Canine Distemper Virus pushing tigers towards extinction

According to a new study from the Wildlife Conservation Society (WCS), canine distemper virus (CDV) has the potential to be a significant driver in pushing the tigers towards extinction. This deadly virus is adding a new threat to tiger populations along with to the existing pressures of habitat loss, poaching and depletion of prey species.

Researchers have evaluated these impacts on the Amur tiger population in Russia’s Sikhote-Alin Biosphere Zapovednik (SABZ), where tiger numbers declined from 38 individuals to 9 in the years 2007 to 2012.

How the study took place?

  • The scientists used computer modeling to simulate the effects of CDV infection on isolated tiger populations of various sizes and through a series of transmission scenarios.
  • These included tiger-to-tiger transmission and transmission through predation on CDV-infected domestic dogs or infected wild carnivores (such as foxes, raccoon dogs and badgers).
  • High and low-risk scenarios for the model were created based on variation in the prevalence of CDV and the tigers’ contact with sources of exposure.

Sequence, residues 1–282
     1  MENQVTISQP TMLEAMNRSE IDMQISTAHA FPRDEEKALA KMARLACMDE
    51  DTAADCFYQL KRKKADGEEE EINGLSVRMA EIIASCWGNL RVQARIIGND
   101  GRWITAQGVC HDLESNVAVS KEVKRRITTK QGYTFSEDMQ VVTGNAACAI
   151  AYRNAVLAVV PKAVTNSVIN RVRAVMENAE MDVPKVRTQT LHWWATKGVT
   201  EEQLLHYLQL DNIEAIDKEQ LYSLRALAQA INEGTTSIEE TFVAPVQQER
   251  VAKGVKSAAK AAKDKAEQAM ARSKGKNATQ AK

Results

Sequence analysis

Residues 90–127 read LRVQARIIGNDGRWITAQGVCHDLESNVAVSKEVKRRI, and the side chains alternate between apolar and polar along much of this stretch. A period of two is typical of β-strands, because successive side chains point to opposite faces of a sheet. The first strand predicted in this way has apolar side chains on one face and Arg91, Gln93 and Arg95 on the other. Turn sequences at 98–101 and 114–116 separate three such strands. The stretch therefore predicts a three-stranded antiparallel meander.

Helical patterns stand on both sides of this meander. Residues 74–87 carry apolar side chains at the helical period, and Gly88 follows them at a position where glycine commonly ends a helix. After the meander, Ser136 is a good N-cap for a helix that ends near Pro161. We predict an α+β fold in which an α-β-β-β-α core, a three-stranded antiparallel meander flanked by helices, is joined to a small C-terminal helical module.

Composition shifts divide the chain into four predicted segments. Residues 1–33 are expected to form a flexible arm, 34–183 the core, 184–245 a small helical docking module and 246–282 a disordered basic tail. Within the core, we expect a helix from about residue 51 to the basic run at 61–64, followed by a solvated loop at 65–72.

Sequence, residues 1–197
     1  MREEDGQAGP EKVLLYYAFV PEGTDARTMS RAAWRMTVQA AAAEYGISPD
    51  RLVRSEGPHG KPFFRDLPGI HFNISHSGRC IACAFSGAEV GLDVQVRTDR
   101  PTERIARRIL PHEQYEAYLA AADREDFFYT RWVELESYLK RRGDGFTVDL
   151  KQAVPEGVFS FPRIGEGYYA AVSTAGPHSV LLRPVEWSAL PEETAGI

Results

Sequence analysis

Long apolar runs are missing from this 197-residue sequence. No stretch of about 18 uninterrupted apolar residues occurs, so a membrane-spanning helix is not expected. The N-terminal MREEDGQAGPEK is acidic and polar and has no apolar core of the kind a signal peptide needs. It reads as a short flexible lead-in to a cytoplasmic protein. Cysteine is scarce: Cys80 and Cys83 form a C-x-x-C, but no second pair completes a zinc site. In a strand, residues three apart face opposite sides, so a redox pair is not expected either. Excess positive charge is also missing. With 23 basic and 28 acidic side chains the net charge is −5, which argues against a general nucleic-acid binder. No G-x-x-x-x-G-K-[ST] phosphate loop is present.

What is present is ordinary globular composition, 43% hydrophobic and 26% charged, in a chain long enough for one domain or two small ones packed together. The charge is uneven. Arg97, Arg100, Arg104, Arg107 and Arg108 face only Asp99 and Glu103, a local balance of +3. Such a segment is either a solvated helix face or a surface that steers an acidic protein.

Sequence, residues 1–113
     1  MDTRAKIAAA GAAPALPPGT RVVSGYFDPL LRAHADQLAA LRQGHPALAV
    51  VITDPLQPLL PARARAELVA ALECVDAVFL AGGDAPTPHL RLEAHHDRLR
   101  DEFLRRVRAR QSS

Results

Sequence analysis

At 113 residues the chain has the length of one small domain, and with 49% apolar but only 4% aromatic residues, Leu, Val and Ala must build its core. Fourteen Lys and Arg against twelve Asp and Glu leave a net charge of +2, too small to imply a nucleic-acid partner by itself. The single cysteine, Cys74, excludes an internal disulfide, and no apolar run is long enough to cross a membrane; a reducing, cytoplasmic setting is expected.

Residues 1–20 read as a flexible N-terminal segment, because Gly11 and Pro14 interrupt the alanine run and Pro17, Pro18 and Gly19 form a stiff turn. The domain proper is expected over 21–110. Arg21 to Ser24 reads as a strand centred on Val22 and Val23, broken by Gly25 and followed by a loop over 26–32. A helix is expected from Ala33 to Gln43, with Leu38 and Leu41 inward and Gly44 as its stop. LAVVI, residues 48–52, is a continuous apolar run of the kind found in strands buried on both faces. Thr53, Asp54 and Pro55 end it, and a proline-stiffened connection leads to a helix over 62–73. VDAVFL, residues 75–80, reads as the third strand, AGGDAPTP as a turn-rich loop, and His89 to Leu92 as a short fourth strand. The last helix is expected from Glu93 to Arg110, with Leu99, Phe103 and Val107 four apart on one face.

A key finding of this study

  • Modeling shows that smaller populations of tigers were found to be more vulnerable to extinction by CDV.
  • Populations consisting of 25 individuals were 1.65 times more likely to decline in the next 50 years when CDV was present.
  • The results are profoundly disturbing for global wild tigers as in most sites wild tigers are limited to populations of less than 25 adult breeding individuals.

About canine distemper virus (CDV)

Canine distemper is a viral disease that affects animals. The disease is highly contagious (via inhalation) and fatal 50% of the time, thus making it the leading cause of infectious disease death. The virus infects the gastrointestinal tract, respiratory tract, the brain, and spinal cord of animals.

Common symptoms can include: 1) High fever, 2) Watery discharge from the eyes and nose, 3) Vomiting and diarrhea, 4) Hardening of the footpads and nose, 5) Seizures of any part of the body 6) Paralysis.

It is most commonly associated with domestic animals such as dogs and ferrets, but it can infect wild animals.

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Categories: Environment Current Affairs 2017

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